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Families on the Cusp of an Uncharted Realm

Relationships* As they approach 18, the children of women who patronized a pioneering sperm bank face the choice of learning donor fathers' identities.

May 03, 2002|SCOTT HARRIS | SPECIAL TO THE TIMES

BERKELEY — Marcus has two moms. And once the 15-year-old reaches his 18th birthday, Marcus expects to meet his ... well, what's the right term for the mystery man who provided the sperm that made his life possible?

"The donor" is how Marcus Liefert thinks of him now. Certainly not "dad," even though Marcus imagines they might go out to a ballgame someday. How about "genetic father"?

"No. I know that's biologically true, but that's not the term I would use," Marcus says.

The word "father" connotes parenthood, and Marcus knows who his parents are: Francey Liefert, who conceived him and carried him in her womb, and Laurel Liefert, Francey's longtime partner and the biological mother of Marcus' 12-year-old sibling, David. The Lieferts insisted on sperm from the same donor to assure that Marcus and David are genetic half-brothers, thus tightening the familial bonds.

The Lieferts are among a group of families on the cusp of an uncharted realm in human relations. The children born to women who have patronized the Sperm Bank of California since feminists founded it in Oakland in 1982 have been offered an unprecedented option: disclosure of the donor's identity when the child crosses the legal threshold of adulthood.

The nonprofit sperm bank, founded primarily to help lesbians and single straight women fulfill maternal goals, has helped in the conception of more than 1,100 children. Roughly four out of five clients have chosen the donor ID release option, officials say.

So far, three children who were conceived under the agreement have turned 18, one of whom has requested and received her donor father's identity. Claire, the daughter of a single Palo Alto woman, has seen the donor's photograph and received other factual information. (Sperm Bank of California officials urge participants to use only their first names in the media to help preserve confidentiality. The Lieferts prefer to use their full names.) A high school senior, Claire intends to meet her donor someday, program officials say, but she has not decided when. When she is ready, it will be up to Claire and the donor to handle the specifics of their meeting, but the task force hopes to stay in touch with all parties to see what issues arise down the line so they can prepare for the next generation.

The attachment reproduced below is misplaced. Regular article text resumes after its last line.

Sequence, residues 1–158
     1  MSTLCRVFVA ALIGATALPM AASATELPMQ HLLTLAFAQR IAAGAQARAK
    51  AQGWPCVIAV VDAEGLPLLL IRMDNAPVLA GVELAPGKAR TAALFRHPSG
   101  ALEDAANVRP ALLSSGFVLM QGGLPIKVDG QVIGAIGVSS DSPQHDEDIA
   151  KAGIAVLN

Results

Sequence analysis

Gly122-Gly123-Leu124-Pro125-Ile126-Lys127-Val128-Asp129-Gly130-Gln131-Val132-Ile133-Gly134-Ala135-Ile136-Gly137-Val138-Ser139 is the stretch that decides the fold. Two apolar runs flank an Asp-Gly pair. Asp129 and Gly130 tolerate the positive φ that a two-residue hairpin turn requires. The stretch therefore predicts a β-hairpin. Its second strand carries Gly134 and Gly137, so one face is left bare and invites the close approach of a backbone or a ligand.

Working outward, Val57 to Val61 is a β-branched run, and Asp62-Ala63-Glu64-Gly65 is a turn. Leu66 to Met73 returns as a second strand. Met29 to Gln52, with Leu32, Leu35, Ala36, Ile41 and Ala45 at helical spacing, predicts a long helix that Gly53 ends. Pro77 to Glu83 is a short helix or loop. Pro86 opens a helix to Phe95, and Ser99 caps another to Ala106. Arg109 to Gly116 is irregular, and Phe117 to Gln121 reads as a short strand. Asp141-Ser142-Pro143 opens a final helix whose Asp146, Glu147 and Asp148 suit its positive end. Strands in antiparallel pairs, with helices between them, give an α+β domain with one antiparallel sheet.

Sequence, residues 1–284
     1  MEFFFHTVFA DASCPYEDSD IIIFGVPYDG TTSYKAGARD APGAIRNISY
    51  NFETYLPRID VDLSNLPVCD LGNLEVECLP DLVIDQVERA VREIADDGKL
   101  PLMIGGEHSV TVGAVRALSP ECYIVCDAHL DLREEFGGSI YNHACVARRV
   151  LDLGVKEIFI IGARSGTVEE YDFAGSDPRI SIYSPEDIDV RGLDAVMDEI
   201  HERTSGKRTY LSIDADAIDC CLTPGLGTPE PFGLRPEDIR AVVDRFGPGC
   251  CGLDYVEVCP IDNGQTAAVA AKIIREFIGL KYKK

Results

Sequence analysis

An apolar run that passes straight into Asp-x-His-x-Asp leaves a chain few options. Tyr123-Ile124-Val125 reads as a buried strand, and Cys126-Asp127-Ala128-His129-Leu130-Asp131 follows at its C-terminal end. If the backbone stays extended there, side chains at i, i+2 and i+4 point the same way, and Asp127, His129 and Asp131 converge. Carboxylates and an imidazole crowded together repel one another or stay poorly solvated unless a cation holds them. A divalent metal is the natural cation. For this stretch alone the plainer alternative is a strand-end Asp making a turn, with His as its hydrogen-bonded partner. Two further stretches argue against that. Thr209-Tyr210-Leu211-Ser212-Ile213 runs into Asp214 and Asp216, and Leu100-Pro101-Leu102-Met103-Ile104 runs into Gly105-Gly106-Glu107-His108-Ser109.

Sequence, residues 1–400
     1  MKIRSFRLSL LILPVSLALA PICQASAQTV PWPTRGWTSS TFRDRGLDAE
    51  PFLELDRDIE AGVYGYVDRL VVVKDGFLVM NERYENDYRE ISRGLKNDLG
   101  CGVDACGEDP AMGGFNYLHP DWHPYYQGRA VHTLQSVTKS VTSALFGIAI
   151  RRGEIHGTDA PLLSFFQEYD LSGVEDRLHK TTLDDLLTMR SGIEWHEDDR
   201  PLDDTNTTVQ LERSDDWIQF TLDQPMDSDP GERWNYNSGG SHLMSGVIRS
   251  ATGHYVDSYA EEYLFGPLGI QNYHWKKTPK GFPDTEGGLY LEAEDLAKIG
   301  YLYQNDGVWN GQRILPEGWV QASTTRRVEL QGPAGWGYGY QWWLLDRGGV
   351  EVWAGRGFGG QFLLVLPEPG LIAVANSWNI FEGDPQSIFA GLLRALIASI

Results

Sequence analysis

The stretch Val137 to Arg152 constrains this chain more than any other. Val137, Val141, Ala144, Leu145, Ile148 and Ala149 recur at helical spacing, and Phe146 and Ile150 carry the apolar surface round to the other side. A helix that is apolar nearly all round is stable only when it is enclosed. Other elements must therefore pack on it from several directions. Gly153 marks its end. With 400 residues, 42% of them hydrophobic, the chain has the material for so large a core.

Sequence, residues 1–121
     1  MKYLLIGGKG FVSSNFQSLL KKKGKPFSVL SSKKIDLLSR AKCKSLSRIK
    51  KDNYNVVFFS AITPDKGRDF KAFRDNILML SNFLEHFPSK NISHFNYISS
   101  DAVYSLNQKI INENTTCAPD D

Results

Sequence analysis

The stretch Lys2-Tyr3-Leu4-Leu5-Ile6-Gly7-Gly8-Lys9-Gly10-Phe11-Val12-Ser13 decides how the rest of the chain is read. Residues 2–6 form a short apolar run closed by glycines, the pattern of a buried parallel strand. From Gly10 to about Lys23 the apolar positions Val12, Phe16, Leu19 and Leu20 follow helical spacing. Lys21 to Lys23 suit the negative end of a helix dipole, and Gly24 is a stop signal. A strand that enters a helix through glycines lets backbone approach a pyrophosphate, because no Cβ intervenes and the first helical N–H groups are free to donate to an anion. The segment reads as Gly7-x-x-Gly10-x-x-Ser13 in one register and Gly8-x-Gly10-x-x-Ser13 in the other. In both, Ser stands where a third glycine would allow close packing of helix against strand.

Before the year is out, 15 other children of the bank's donors will turn 18. Within three years, the total will approach 100, says Sue Rubin, one of the sperm bank's directors. Rubin led a task force to find out the expectations among sperm bank participants and found that most children and mothers hope to meet the donors. Those donors are curious as well, Rubin says, and intend to honor the contracts they all had to sign more than 18 years ago.

The concept is a radical change in a reproductive field that dates to the 1880s and for generations has functioned as a clandestine service. Infertile couples assisted by sperm donors--who, before the advent of cryogenically freezing sperm, were often medical students--seldom revealed the nature of the conception to children.

The earliest published accounts of sperm donation--such as a doctor's memoir in the early 20th century and a British medical journal article in the 1950s--so scandalized the public that the practice remained secretive until the sexual revolution of the 1960s. "Society was truly offended," says Dr. Cappy Rothman, founder of California Cryobank in Los Angeles, one of the world's largest sperm banks.

Although the practice has become less closeted, the identification of donors is extremely rare. Only a few banks across the nation have followed the Sperm Bank of California's lead in promising disclosure at a later date. Some banks have weaker policies, including the "willing to be asked" option, in which a donor agrees to consider coming forward if the child, after turning 18, requests his identity.

California Cryobank promises parents that, if an adult offspring requests contact with the donor, the sperm bank will attempt to relay the request to the donor. Rothman suggests the varying and evolving policies reflect the clientele. Married couples, he says, have little interest in the disclosure compared with single women who "eventually have to tell the child something." The Sperm Bank of California developed its disclosure policy through discussions with clients, says founder Barbara Raboy. The children's right to know their genetic forebear, it was decided, outweighs the donor's desire for privacy--even if disclosure might create a Pandora's box of unsettling psychological effects for every child, mother and donor.

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